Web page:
Steven P. Jobs, Apple’s Co-Founder and visionary, who helped usher in the era of personal computers and led a cultural transformation in the way music, movies and mobile communications were experienced in the digital age, died Wednesday at the age of 56. Mr. Jobs had waged a long and public struggle with cancer, remaining the face of the company even as he underwent treatment. He underwent surgery for pancreatic cancer in 2004, received a liver transplant in 2009 and took three medical leaves of absence as Apple’s chief executive before stepping down in August and turning over the helm to Timothy D. Cook, the chief operating officer. After leaving, he was still engaged in the company’s affairs, negotiating with another Silicon Valley executive only weeks earlier.

I have always said that if there ever came a day when I could no longer meet my duties and expectations as Apple’s C.E.O., I would be the first to let you know,” Mr. Jobs said in a letter released by the company in August. “Unfortunately, that day has come.” By then, having mastered digital technology and capitalized on his intuitive marketing sense, Mr. Jobs had largely come to define the personal computer industry and a wide range of digital consumer and entertainment businesses centered on the Internet.

Steve Jobs: Rebel, Icon and Genius

1984 Apple Macintosh Super Bowl Commercial

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Steven P. Jobs, Apple’s Co-Founder, Former-CEO and Visionary, Dies at 56

Steven P. Jobs, Apple’s Co-Founder, Former-CEO and Visionary, Dies at 56

Steven P. Jobs, Apple’s Co-Founder, Former-CEO and visionary, who helped usher in the era of personal computers and led a cultural transformation in the way music, movies and mobile communications were experienced in the digital age, died Wednesday at the age of 56. The death was announced by Apple Computers, the company Mr. Jobs and his high school friend Stephen Wozniak started in 1976 in a suburban California garage. Mr. Jobs had waged a long and public struggle with cancer, remaining the face of the company even as he underwent treatment.

He underwent surgery for pancreatic cancer in 2004, received a liver transplant in 2009 and took three medical leaves of absence as Apple’s chief executive before stepping down in August and turning over the helm to Timothy D. Cook, the chief operating officer. After leaving, he was still engaged in the company’s affairs, negotiating with another Silicon Valley executive only weeks earlier.

I have always said that if there ever came a day when I could no longer meet my duties and expectations as Apple’s C.E.O., I would be the first to let you know,” Mr. Jobs said in a letter released by the company in August. “Unfortunately, that day has come.” By then, having mastered digital technology and capitalized on his intuitive marketing sense, Mr. Jobs had largely come to define the personal computer industry and a wide range of digital consumer and entertainment businesses centered on the Internet.

Read more about the amazing life of Steve Jobs in The New York Times here.

Apple Confirms Steve Jobs Has Died at 56

A Steve Jobs Timeline

Steve Jobs: How to Live Before You Die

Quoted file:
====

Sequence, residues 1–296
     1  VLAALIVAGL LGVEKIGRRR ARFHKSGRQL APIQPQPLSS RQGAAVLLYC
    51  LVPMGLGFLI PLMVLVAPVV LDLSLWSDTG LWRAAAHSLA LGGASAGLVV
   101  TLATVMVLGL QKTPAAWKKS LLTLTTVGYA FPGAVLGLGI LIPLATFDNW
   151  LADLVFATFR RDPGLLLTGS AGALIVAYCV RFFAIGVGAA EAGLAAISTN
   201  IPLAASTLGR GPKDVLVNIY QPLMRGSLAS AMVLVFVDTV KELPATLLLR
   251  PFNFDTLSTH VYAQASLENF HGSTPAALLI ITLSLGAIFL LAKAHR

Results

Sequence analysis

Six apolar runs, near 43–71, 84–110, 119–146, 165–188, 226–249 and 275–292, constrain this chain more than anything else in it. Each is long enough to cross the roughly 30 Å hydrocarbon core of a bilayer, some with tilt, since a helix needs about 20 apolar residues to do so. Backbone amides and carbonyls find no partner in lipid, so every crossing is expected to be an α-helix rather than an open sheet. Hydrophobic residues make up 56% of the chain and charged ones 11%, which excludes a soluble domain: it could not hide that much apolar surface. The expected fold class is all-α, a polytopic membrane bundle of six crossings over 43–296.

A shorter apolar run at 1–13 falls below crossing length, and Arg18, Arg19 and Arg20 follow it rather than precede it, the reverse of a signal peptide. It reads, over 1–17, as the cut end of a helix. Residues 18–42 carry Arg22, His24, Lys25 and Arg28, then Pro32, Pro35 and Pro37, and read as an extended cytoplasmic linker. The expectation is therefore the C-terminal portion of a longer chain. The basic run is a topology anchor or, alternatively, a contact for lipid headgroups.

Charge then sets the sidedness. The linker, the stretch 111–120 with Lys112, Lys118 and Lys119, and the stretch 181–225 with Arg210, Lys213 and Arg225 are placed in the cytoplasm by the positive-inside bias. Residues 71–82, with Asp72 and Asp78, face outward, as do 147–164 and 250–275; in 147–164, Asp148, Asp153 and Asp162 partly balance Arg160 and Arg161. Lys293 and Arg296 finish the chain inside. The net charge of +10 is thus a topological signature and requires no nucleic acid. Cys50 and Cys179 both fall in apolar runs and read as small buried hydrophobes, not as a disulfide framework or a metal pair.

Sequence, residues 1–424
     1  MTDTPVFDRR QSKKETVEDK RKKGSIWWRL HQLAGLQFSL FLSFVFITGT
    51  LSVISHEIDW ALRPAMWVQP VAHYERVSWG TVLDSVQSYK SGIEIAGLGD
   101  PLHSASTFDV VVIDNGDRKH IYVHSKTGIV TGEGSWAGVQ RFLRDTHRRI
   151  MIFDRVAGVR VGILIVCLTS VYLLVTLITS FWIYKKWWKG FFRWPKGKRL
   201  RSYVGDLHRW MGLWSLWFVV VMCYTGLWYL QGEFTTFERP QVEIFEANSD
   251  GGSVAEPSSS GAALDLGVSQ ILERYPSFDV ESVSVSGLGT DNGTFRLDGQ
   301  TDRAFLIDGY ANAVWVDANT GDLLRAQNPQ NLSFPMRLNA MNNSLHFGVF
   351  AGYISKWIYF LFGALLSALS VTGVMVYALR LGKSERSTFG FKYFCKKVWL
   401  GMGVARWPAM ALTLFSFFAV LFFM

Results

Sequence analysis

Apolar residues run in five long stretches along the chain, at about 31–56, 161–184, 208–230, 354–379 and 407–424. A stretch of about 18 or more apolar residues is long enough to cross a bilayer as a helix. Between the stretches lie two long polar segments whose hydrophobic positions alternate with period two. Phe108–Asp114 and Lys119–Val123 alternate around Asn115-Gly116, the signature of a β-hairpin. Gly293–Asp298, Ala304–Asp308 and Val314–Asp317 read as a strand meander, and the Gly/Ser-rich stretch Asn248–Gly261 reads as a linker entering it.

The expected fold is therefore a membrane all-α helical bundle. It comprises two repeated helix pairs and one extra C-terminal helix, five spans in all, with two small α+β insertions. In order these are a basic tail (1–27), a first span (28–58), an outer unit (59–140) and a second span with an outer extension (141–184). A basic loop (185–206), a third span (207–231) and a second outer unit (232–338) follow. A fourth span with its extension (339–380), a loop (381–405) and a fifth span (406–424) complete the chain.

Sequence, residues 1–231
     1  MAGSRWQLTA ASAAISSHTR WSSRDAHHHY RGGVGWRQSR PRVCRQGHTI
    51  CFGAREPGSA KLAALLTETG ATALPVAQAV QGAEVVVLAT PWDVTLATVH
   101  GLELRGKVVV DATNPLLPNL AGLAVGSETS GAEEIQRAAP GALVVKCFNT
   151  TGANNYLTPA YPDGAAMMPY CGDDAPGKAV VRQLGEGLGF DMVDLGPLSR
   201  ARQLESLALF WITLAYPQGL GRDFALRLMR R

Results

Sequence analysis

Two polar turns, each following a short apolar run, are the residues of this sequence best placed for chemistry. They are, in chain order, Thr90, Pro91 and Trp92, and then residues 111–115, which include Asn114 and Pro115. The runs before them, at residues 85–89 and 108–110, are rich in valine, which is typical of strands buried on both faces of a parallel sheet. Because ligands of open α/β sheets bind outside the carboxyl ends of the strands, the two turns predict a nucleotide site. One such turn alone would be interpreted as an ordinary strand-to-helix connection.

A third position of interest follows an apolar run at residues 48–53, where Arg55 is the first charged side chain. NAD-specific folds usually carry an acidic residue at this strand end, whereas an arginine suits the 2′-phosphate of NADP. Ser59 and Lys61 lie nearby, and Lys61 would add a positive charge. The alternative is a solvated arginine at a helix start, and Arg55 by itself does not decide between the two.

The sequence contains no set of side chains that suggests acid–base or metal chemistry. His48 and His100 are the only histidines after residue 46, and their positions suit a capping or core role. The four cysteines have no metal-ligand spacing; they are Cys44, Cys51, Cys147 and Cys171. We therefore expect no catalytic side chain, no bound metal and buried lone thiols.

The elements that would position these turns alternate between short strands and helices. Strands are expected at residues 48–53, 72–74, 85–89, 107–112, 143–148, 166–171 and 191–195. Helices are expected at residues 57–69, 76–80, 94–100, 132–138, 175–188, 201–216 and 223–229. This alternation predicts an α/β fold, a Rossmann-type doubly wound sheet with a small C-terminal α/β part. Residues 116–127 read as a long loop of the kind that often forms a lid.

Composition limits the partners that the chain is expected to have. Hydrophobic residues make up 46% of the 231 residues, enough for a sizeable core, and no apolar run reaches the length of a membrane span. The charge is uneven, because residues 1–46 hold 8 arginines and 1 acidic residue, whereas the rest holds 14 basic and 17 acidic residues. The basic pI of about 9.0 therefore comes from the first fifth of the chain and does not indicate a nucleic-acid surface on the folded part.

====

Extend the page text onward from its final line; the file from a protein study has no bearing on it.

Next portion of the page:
Photo-Gallery: Steven P. Jobs, Apple’s Co-Founder and Visionary, Dies at 56

(Please Click Image to View Photo-Gallery)

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Parisian Love: An American Finds Love in Paris

Parisian Love: An American Finds Love in Paris

Well, I ended up missing most of the Super Bowl, as well as almost all of the ads that went along with the Big Game.  But I did catch the Google ad and it’s a knockout, a real triumph of story over the technical wizardry that’s usually showcased in Super Bowl ads.

Parisian Love: An American Finds Love in Paris

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Creation Begins: Adam and Eve in a Sterile Computer Server Room

Creation Begins: Adam and Eve in a Sterile Computer Server Room

So he drove out the man and he placed
at the east of the garden of Eden cherubim,
and a flaming sword which turned every way,
to keep the way of the tree of life
.”

Creation Begins is a very intriguing 1-min. short film directed by Adam Witten.  The film opens with a scene set in a seemingly sterile room full of silently working computer servers, then cuts to a newly created naked Adam who is laying on the floor. The parable continues as the servers whir to life, Eve is born and then the snake slithers into being.  With the scene of the Garden of Eden now set within the technological world of wires and silicon, the players rush headlong toward what appears to be the well-known end: the expulsion of Adam and Eve from paradise.  But with Adam given the chance to make the same mistake twice, he decides that it’s the human connection that makes creation great, not the technology that makes it possible.

Creation Begins: Adam and Eve in a Sterile Computer Server Room

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Hi! It’s a Real Human Interface (Like, an Actual Human Geek)

Hi! It’s a Real Human Interface (Like, an Actual Human Geek)

Now here’s a really ingenious parody on technology and the way we all use it. For those of you who think there’s a guy living inside your computer who makes all that really sparkly magic happen…well, now you’ll see that there really is one! Not only that, but sometimes the guy inside there gets a bit naughty, absurd and slapstick. This one will really make you smile!

Hi! It’s a Real Human Interface (Like, an Actual Human Geek)